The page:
3. Monitoring is done at specific times, by specified persons, in a prescribed manner and with calibrated instruments.
4. Prescribed corrective actions are taken promptly by the person doing the monitoring, the person responsible for the operation, or the supervisor of the operation, whenever the criterion has not been met, and the action taken is recorded on the form.
5. The person doing the monitoring should sign the monitoring form or log upon its completion. A supervisor/manager should review the form, observe and evaluate the operation daily for verification that the monitoring was done effectively, evaluate all corrective actions taken, and then also sign the form.
6. Items not considered as CCPs should not be recorded on HACCP monitoring forms, unless it is clearly indicated that the practice or environment evaluated is not a CCP. HACCP monitoring is not self-inspection activity. It is a focused evaluation of whether the criteria at CCPs have been met.
Another attribute of the HACCP system is that prompt corrective action is taken when the results of monitoring show that the criteria have not been met or that there is a deviation of the process that may result in loss of control. These corrective actions are prescribed in the system, and operators and supervisors are given directions on specific actions to take. Therefore, the operator must stop the process or modify it to attain a product that meets the critical limits at the CCP. These actions not only result in a safe product but usually one that is of superior quality. When corrective actions are taken, the action should be documented on the monitoring record. Automatic, continuous corrective or prompt actions are unique to the HACCP system as compared with traditional food protection approaches such as inspection and end-product testing.
Verification is another unique aspect of the HACCP system. Although prompt corrective actions are the responsibility of the persons who either monitor or who are responsible for the operation that has been designated a CCP, there is a check on these responses with the HACCP approach. A supervisor, a staff member of the quality control (QC) department or a representative from a food regulatory agency evaluates CCPs, monitoring procedures and corrective actions taken. If that person does not agree with the actions taken, more appropriate actions should be initiated and specified on the monitoring record.
Some literature on the HACCP approach states or implies that the role of the person from a food regulatory agency who verifies the HACCP system is limited to reviewing records. It would be ludicrous for verification to be such a restricted and boring activity. Verification should be multi-fold and include: (a) making observations at all processes designated as CCPs as to whether the control action is effective and that monitoring is being done effectively with appropriate monitoring instruments; (b) questioning the operator or person doing the monitoring about their procedures; (c) measuring with agency instruments time- temperature exposures of operations designed to inactivate hazards or prevent proliferation or accumulation of bacteria or concentration of hazardous substances; (d) evaluating the functioning, maintenance and calibration of devices used to monitor CCPs; (e) measuring product pH, water activity or other characteristics that have food safety relationships, if applicable; (f) collecting samples at CCPs (rather than of end-products) and testing them for microorganisms of concern at that stage of the operation; and (g) doing whatever else is appropriate, depending on anticipated hazards and their prevention and control.36,38 Additionally, the process should be evaluated to determine whether previously unnoticed hazards exist or have occurred because of different ingredients, modification of the process, new equipment, or actions by untrained or new personnel.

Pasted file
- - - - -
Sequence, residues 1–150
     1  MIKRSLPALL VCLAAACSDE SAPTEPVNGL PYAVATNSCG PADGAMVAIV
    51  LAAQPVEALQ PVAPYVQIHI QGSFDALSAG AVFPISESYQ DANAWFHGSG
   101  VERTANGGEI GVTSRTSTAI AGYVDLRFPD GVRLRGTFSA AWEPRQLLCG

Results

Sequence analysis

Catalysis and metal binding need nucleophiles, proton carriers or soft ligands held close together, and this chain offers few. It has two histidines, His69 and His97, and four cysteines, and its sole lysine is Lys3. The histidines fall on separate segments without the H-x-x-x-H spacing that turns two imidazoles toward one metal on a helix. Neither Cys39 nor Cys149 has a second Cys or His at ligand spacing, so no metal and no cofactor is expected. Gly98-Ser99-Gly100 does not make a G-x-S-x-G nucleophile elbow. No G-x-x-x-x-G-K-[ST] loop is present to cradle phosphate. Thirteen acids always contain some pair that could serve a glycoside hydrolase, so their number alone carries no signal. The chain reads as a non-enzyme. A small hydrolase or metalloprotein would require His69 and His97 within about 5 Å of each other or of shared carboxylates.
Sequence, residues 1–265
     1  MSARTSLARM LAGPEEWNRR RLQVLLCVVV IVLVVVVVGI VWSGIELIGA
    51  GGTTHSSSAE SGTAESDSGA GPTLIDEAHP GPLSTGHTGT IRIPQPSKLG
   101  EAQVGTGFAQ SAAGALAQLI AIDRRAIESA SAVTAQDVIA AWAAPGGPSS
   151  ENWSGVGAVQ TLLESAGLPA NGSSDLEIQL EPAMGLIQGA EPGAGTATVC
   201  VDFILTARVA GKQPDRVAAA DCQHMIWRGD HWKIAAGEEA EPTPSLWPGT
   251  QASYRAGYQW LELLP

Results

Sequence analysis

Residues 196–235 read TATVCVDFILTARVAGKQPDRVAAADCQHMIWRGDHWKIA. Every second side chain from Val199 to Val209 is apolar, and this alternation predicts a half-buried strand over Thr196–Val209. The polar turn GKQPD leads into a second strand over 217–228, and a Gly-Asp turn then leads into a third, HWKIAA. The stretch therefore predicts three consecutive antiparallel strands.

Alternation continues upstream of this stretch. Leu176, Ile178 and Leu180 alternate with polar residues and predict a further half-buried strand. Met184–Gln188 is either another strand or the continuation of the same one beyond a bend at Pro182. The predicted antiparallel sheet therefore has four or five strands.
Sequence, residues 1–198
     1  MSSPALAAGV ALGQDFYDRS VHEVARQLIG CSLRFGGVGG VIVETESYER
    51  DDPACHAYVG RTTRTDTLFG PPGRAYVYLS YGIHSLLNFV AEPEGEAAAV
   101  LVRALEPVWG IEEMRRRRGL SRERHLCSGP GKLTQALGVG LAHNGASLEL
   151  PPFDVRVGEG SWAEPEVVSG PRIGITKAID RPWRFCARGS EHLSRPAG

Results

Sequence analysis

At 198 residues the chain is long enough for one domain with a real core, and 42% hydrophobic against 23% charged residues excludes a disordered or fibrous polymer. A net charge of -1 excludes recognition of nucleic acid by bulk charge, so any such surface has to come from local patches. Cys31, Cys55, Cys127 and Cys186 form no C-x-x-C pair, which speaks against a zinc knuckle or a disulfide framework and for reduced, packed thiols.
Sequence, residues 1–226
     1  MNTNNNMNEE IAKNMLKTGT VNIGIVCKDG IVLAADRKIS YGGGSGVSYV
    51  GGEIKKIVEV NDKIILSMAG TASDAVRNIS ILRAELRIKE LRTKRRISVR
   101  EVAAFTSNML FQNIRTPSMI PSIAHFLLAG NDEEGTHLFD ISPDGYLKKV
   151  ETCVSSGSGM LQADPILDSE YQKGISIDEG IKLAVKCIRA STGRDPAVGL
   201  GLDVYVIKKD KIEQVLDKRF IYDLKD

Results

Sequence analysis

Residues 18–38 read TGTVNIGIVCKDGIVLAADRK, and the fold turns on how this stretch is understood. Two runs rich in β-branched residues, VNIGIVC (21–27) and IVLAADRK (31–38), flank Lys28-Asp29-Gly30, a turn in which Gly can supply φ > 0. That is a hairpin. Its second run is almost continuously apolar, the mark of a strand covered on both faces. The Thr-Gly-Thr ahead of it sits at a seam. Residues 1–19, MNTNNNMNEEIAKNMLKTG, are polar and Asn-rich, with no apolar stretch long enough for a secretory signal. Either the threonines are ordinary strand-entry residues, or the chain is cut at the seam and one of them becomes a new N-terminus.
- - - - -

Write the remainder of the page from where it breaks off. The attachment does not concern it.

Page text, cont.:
The HACCP system must be specified and on file for use by workers, supervisors and those who verify the system. Record keeping is perhaps the biggest barrier to an operating HACCP system. Many persons do not have the discipline to record or maintain such records, and they lack an understanding of the purpose for the records. They may feel, and sometimes with due cause, that it is “busy work” and that no one ever looks at the results. Some industry executives feel that their records should not be accessible to inspectors. This may be so for certain formulation records, but not for records of results of monitoring critical (disease) control points, which require periodic review as part of the verification process of HACCP systems. Because of a reluctance to do any (or very little) monitoring, prerequisites or GMPs are sometimes substituted. This nullifies the HACCP system.
Properly recorded and maintained records are invaluable in litigation. Monitoring records should be kept on file until the incubation periods for diseases of concern or the shelf-life plus this incubation period have expired, and then until they have been verified by the QC department or others.